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China demands immediate removal of new US tariffs

Trade: Introducing new?tariffs contradicts US’ commitments

By ZHONG NAN | chinadaily.com.cn | Updated: 2024-05-14 23:23
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A drone view shows BYD electric vehicles (EV) before being loaded onto the "BYD Explorer No.1" roll-on, roll-off vehicle carrier for export to Brazil, at the port of Lianyungang in Jiangsu province, on April 25. [Photo/Agencies]

China has urged the United States to immediately lift the additional tariffs imposed on Chinese products, warning that it will take resolute actions to protect the country's rights and interests, the Ministry of Commerce said on Tuesday.

The US government unveiled new tariffs on Tuesday on a variety of imports from China, including electric vehicles, lithium batteries, photovoltaic cells, critical minerals, semiconductors, steel and aluminum, port cranes and personal protective equipment.

The additional levies will lead to the tariffs on Chinese EV imports jumping from around 25 percent to 100 percent. And with an additional 2.5-percent tariff on all vehicles imported into the US market, the total levies on Chinese EVs will be 102.5 percent.

The US has, for domestic political reasons, abused the Section 301 tariff review process by further increasing tariffs on some Chinese products, politicizing and weaponizing trade issues, the Chinese ministry's spokesperson said in an online statement. "This is a clear example of political manipulation," the official said.

China has expressed strong dissatisfaction with this approach, said the commerce official, who noted that the World Trade Organization has ruled that Section 301 tariffs violate its regulations. Instead of rectifying this, the US continues to act unilaterally, compounding its mistakes, the official added.

The US decision to increase Section 301 tariffs contradicts US President Joe Biden's commitments not to suppress or contain China's development and not to decouple or break ties with China, according to the statement.

The US action also deviates from the spirit of consensus reached between the top leaders of the two countries and will severely affect the atmosphere of bilateral cooperation, said the spokesperson.

Sun Lei, a senior partner at Beijing Dacheng Law Offices, said that if these tariffs are imposed only on China, the practice violates the most-favored-nation principle of the WTO.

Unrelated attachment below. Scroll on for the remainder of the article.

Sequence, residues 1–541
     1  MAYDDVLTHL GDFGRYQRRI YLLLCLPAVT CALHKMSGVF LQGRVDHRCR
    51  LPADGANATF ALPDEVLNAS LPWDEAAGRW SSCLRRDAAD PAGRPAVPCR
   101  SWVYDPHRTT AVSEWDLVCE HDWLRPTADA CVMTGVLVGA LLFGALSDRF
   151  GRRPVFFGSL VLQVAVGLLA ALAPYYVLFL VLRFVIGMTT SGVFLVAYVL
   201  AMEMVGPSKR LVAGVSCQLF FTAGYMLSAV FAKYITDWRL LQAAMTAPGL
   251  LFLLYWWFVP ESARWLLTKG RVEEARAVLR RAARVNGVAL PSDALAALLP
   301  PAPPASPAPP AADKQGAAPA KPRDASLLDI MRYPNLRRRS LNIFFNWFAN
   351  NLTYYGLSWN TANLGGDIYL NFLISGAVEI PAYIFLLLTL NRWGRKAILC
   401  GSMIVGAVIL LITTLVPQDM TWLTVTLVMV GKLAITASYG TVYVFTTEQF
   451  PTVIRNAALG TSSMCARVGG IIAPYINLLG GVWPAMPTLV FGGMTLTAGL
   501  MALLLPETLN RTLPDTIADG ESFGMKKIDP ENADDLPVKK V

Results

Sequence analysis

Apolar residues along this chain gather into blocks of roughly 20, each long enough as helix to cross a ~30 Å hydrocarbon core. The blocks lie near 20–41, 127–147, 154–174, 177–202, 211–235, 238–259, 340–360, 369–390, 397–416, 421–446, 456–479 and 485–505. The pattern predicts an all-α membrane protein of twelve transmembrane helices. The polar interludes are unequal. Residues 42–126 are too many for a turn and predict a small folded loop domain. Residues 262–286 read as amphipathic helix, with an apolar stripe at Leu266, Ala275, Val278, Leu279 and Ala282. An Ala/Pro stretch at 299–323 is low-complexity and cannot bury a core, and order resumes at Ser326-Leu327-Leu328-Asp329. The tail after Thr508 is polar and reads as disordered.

"If tariffs are indeed imposed solely on electric vehicles made in China, it would notably impact automakers such as Tesla that have invested heavily in manufacturing facilities in China," said Sun.

For example, once the tariffs are enforced, the EVs currently produced in China would in effect be limited to sales within China or in markets outside the US. This restriction would ultimately lead to an increase in the fixed costs for these automakers, he added.

Chinese new energy products are highly popular in the global market, perfectly meeting the urgent demand of many countries' shift toward green energy, said Chen Bin, deputy director of the expert committee at the Beijing-based China Machinery Industry Federation.

Each new energy vehicle is estimated to cut carbon emissions by approximately 1.66 metric tons annually. In 2023, China exported 1.2 million new energy vehicles, which could reduce annual carbon emissions by around 2 million tons, the Ministry of Commerce said in a separate statement on Tuesday.

Although the prices of Chinese new energy vehicles exported to Europe are lower than those of similar local models, they are still one to two times higher than their prices in China, ensuring significant profits and dispelling any concerns about dumping, the Commerce Ministry said.

Noting the advancement of Chinese EVs and their popularity in many Arab countries, Ahmed Fahmy, head of the League of Arab States' China representative office, said the production capacity is determined by market demand, and free trade is essential.

As global production capacity currently is insufficient to meet the needs of economic recovery, the "China overcapacity" narrative is overly exaggerated, he said.

zhongnan@chinadaily.com.cn

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